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Am J Epidemiol. 2007 Sep 1;166(5):606-15. Epub 2007 Jun 22.

A prospective cohort of American Indian and Alaska Native people: study design, methods, and implementation.

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  • 1Department of Internal Medicine, The University of Utah, Salt Lake City, UT 84108, USA.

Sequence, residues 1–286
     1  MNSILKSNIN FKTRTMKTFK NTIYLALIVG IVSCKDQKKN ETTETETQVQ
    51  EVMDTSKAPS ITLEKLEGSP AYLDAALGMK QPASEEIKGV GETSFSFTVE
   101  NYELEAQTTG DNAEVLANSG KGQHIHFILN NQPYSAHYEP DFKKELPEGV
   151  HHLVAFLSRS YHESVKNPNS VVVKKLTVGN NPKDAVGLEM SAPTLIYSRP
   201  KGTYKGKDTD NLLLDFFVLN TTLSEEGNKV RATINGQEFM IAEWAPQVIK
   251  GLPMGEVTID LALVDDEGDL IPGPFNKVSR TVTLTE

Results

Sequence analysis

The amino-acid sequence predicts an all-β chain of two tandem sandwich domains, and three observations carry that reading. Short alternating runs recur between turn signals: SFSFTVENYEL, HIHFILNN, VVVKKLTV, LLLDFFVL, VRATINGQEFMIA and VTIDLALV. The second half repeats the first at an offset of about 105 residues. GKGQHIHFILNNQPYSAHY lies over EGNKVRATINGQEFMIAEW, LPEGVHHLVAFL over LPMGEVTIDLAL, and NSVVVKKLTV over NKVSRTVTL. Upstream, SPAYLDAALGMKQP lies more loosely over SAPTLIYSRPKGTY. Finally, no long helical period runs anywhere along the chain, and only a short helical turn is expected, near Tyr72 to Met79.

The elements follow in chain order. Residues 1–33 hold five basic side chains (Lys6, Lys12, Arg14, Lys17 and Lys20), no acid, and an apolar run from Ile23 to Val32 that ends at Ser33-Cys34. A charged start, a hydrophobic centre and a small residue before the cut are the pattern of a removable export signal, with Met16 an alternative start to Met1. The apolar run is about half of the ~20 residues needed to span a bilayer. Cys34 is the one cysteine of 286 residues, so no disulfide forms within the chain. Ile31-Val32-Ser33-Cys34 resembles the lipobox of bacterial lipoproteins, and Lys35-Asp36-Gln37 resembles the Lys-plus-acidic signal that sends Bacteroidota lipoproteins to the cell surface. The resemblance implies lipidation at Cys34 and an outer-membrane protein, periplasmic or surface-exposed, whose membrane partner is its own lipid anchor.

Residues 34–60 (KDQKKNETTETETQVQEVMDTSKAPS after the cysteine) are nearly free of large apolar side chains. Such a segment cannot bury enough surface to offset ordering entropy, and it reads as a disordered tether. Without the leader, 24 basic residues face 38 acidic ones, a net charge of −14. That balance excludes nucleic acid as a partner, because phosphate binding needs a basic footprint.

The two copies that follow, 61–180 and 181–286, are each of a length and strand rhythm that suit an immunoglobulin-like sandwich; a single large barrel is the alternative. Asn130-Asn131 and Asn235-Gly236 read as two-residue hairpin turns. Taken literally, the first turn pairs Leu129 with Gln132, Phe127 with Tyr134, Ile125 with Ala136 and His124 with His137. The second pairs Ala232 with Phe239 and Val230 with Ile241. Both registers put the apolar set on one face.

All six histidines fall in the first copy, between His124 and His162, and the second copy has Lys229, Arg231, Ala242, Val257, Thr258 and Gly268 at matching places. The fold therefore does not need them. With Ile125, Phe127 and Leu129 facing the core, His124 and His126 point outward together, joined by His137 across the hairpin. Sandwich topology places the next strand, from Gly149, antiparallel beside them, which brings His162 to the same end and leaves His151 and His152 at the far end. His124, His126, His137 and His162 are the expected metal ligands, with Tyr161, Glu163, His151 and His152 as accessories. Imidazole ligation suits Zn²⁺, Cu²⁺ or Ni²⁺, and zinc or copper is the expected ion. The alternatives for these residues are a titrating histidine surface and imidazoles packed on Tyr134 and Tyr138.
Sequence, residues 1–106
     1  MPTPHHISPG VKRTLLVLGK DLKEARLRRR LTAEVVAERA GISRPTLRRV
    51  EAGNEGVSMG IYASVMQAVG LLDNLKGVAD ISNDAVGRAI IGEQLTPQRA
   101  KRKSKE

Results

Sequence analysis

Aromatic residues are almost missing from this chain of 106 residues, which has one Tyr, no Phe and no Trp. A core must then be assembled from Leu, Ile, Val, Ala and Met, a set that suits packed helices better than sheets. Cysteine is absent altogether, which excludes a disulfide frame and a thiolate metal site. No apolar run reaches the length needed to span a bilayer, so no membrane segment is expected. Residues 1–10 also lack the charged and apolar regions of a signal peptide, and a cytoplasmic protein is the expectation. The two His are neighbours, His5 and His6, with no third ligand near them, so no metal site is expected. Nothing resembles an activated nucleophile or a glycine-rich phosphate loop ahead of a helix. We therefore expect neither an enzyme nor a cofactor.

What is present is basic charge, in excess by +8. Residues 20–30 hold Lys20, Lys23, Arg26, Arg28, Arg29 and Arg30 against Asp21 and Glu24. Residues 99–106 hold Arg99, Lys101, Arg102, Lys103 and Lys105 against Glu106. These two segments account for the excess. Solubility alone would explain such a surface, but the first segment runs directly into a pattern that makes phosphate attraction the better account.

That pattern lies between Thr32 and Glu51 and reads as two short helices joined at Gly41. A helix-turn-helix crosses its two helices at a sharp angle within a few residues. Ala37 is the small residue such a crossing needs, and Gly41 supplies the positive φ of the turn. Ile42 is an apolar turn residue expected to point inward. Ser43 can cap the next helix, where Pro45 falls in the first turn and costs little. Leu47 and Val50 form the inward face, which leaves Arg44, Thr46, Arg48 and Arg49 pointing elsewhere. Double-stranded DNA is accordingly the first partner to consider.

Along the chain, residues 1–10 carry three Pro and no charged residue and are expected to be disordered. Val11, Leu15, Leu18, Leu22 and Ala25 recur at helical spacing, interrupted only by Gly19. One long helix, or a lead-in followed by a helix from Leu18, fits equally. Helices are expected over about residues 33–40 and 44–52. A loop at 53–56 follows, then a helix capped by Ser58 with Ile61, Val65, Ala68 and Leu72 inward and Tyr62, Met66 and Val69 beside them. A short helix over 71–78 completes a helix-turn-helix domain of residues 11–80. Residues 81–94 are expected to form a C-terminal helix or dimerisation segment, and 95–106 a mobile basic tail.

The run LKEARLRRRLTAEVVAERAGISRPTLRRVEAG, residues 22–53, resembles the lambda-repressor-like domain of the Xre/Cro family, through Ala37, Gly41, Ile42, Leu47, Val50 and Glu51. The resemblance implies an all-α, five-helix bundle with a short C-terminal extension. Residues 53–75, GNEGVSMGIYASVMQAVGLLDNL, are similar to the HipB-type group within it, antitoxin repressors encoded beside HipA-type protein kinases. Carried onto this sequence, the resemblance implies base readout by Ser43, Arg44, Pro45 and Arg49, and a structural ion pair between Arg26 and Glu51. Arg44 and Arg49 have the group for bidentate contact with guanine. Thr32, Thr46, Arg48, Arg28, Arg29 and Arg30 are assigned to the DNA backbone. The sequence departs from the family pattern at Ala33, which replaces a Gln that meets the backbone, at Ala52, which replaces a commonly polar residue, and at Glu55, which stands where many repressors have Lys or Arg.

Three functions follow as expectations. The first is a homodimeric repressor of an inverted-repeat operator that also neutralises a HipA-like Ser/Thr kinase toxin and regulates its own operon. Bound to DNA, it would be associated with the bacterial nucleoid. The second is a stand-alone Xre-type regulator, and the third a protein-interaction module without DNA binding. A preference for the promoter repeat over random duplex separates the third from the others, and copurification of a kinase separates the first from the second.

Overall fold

In 2001, the National Cancer Institute funded three centers to test the feasibility of establishing a cohort of American Indian and Alaska Native people. Participating tribal organizations named the study EARTH (Education and Research Towards Health). This paper describes the study methods. A computerized data collection and tracking system was developed using audio computer-assisted survey methodology with touch screens. Data were collected on diet, physical activity, lifestyle and cultural practices, medical and reproductive history, and family history of heart disease, diabetes, and cancer. In addition, a small panel of medical measurements was obtained, including height, weight, waist and hip circumferences, blood pressure, and a lipid panel plus glucose. At the completion of the enrollment visit, data were used to provide immediate health feedback to study participants. During the initial funding period, the authors anticipate enrolling 16,000 American Indian and Alaska Native participants. The age distribution of the study population was similar to that reported in the 2000 US Census for the relevant populations. A component critical to the success of the EARTH Study has been the partnerships with tribal members. The study has focused on involvement of American Indian and Alaska Native communities in development and implementation and on provision of feedback to participants and communities.

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